18. Dear Chris:

    Thanks for this
    “but if anything I am a teacher. My goal with clients is often to put myself out of work. Instead of doing the commodity implementation I teach them how to do stuff internally so they don’t need external contractors for every little thing.”

    It completely sums up the reason I do what I do. And YOU ARE a teacher. I’m grateful for what you’ve taught me!

  19. I guess the only positive about negative comments is that someone out there is reading and responding. If they actually take the time to comment negatively, the jealousy or whatever feelings or ideas motivate them must be pretty intense. Blogging is such a great way to reach out and find others with similar ideas or interests, and to find others with very different views that you can accept, reject, and move on with a click of the mouse. Different models are welcome. What angers me are blogs and websites with ulterior motives that you are initially aware of. Similar to restaurant owners writing reviews of their own restaurants ‘incognito’.

    • Yeah we have seen a lot of sneaky stuff on review sites and classified sites when we have been researching and planning our move. Most bloggers on the other hand are not out for the quick buck, they want to protect their reputation and are aware of the power of word of mouth.

  20. As long as you’re providing quality content and have the good intentions of helping your readers, I don’t see anything wrong with wanting to make money out of blogging.

    Why would some people want to sell their own paintings? Sure, those paintings can be used for decoration, but they also want to make money from their hard work.

    Why would an author publish a fiction novel? Well, the author could just as easily provide each book for free. If the writer then wants to reach a larger audience by getting the book published and selling it through book stores, is that then wrong? I don’t think so.

    Blogging is much the same. You may really enjoy blogging and genuinely want to help readers. Is, then, making money off of doing something that you love the wrong way to go about it? If anything, I’d rather profit from something that I love than work a 9 to 5 job that I abhor. What’s the harm in selling readers quality services and products that will benefit their lives? After all, you put the hard work into your blog. There’s nothing wrong with wanting a little profit from it.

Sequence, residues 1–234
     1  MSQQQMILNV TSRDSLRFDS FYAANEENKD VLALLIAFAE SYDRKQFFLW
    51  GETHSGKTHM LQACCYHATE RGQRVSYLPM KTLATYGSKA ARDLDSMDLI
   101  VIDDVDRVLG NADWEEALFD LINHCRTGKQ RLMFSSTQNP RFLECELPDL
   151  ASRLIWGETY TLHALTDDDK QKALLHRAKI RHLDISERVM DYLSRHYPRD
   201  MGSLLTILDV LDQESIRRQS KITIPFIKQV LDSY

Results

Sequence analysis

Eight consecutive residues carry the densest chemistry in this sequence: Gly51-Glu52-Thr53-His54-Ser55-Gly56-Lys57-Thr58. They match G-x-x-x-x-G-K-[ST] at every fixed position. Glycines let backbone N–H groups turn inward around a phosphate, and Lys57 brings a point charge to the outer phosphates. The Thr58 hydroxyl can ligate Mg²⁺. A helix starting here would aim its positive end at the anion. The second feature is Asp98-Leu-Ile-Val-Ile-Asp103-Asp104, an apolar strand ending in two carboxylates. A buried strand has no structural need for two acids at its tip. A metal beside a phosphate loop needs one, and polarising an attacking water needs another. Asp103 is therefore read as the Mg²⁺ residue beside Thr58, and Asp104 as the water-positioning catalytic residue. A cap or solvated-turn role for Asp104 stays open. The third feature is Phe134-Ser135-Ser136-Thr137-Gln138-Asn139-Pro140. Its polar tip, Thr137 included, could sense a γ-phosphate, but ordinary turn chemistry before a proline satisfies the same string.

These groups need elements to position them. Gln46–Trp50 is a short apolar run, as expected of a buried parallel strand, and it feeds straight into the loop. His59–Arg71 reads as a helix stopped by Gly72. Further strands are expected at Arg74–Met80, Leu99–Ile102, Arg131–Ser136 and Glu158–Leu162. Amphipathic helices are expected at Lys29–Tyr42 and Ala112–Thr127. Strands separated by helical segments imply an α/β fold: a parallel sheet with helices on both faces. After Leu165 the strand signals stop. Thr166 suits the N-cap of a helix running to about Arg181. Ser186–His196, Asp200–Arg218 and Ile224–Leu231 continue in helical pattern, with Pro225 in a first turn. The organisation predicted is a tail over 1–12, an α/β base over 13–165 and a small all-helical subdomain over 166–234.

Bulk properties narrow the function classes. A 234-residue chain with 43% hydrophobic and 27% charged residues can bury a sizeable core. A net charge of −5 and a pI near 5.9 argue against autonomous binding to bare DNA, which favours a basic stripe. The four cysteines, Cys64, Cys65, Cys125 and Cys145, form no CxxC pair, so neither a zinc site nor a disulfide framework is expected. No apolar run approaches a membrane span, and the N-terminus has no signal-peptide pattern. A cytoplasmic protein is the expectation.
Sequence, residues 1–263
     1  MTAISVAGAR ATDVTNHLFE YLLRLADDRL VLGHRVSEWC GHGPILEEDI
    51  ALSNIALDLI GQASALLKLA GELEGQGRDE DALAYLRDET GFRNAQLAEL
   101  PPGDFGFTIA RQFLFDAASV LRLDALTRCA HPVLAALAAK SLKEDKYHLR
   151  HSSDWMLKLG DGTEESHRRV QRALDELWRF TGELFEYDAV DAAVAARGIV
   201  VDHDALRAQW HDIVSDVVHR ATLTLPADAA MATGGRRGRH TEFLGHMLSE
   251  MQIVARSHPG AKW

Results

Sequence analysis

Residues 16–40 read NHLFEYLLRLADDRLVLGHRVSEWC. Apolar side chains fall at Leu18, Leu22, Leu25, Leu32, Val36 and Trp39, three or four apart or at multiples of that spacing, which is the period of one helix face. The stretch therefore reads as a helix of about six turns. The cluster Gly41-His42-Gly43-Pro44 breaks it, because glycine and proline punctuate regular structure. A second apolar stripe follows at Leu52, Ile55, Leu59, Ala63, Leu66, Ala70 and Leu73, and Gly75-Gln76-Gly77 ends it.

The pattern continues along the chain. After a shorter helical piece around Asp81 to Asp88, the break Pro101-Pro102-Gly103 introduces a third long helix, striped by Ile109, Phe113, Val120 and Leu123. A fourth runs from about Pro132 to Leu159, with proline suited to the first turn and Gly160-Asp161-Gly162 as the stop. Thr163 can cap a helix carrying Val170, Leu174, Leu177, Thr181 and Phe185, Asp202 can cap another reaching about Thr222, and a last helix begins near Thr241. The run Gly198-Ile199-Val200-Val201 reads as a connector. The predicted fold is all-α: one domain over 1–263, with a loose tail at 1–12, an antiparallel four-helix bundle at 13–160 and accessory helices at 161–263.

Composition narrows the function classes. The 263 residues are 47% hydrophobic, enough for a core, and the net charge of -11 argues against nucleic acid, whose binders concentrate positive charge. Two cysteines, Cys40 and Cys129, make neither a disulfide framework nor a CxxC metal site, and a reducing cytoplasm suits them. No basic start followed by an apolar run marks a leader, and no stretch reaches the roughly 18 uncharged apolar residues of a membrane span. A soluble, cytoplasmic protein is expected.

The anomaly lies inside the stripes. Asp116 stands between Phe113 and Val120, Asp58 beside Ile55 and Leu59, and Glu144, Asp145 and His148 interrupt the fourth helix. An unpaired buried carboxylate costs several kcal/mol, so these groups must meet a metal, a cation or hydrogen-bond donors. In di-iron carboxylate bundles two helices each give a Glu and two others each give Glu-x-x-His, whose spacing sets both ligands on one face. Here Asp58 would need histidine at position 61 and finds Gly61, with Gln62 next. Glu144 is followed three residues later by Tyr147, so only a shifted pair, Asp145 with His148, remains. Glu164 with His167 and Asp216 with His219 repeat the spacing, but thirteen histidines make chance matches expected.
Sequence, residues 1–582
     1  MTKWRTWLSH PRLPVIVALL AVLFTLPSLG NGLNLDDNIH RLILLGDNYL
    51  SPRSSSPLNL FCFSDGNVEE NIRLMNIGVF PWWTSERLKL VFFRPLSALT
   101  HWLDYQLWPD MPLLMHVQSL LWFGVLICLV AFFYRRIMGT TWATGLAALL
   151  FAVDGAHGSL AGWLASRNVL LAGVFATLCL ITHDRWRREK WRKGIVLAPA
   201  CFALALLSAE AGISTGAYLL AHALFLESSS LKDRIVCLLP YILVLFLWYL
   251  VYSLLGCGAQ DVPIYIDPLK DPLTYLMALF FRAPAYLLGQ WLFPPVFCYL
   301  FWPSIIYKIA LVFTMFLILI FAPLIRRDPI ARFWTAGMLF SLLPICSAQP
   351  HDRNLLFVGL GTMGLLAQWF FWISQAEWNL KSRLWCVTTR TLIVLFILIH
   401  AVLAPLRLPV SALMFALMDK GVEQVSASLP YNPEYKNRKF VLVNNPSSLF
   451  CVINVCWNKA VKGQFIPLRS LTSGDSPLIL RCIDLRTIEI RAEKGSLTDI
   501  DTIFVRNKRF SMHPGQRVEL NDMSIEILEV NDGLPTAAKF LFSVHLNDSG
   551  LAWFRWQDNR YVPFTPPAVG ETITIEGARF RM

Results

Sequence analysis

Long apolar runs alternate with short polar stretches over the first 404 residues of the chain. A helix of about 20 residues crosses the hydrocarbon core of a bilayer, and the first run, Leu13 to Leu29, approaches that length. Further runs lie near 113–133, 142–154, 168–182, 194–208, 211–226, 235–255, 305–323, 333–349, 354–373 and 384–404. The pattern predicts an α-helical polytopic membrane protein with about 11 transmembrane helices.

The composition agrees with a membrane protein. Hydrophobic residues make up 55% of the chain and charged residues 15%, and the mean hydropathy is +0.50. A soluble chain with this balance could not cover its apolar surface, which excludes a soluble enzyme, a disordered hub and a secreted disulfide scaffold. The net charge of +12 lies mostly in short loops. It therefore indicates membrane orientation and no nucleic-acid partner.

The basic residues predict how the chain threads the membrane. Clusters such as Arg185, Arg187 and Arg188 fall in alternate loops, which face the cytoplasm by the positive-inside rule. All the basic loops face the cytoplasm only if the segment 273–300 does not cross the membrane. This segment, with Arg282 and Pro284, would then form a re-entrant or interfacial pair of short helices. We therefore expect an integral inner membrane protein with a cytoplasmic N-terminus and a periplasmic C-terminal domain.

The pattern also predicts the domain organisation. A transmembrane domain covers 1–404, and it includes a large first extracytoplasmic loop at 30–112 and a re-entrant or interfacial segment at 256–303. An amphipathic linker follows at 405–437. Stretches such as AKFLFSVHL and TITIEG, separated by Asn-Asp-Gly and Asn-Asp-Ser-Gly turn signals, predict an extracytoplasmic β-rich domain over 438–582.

• I can’t imagine what world people imagine we live in where we wouldn’t *have* to profit from what we do. We don’t all have generous benefactors who fund us while we create art for arts sake. If I didn’t support my family through products and services sold from this blog, or other blog-related income streams, I would have to get a job and therefore I wouldn’t have time to blog quite as much.

      I’m wondering about the actual outcome some of these folks want – rather than bring everyone up to their high ethical standards (*cough*) they just want to dirty or eliminate the competition …

  21. Appreciated two things specifically— you admitted the typos, grammar errors happen and obviously you don’t feel it is the end of the world when that happens. Secondly, you noted you are not an expert on the subjects you write just giving your perspective. Very real..thanks.

  22. Looks to me you come down totally on the right side of this, Chris. Bloggers who put in all the effort and go out of their way to provide their readers with tons of value absolutely deserve to make money from what they’re doing. And the people who buy the products or services do so completely voluntarily, nobody’s holding a gun to their heads.

    • It’s not like people don’t have a choice of blogs to read either. Although if Google and Firefox wanted to include my blog for each user by default I would be cool with that πŸ˜‰

  23. This all makes me feel very new and naive in my blogging efforts; thanks for giving me something to think about and aspire to.
    Tha’s movin’ t’Canada friv Yorkshire? Tha must be a reet barm pot,lad, but ah wish thee well…

  24. I have only just popped onto your site, but even by just reading your article, I get the impression that your title of teacher is probably the most accurate. You have a way with words which is easy to follow and comprehend, something that those who are good at teaching have.
    I would like to say that while it can be bad to have people who disagree, it can be valuable. If you debate with someone of the other viewpoint, you both have a chance to present your views. If the debate is civil, both of you can learn something from it, possibly changing your vies, possibly reinforcing your current viewpoint. Either way, the possibility is there.

  25. Hello,

    That made great reading, thank you.

    As someone who is just starting out, the more research I do, the more I am re-assured that some of the people in the top spots have good intentions and are not adverse to parting with useful information.

    Thanks again,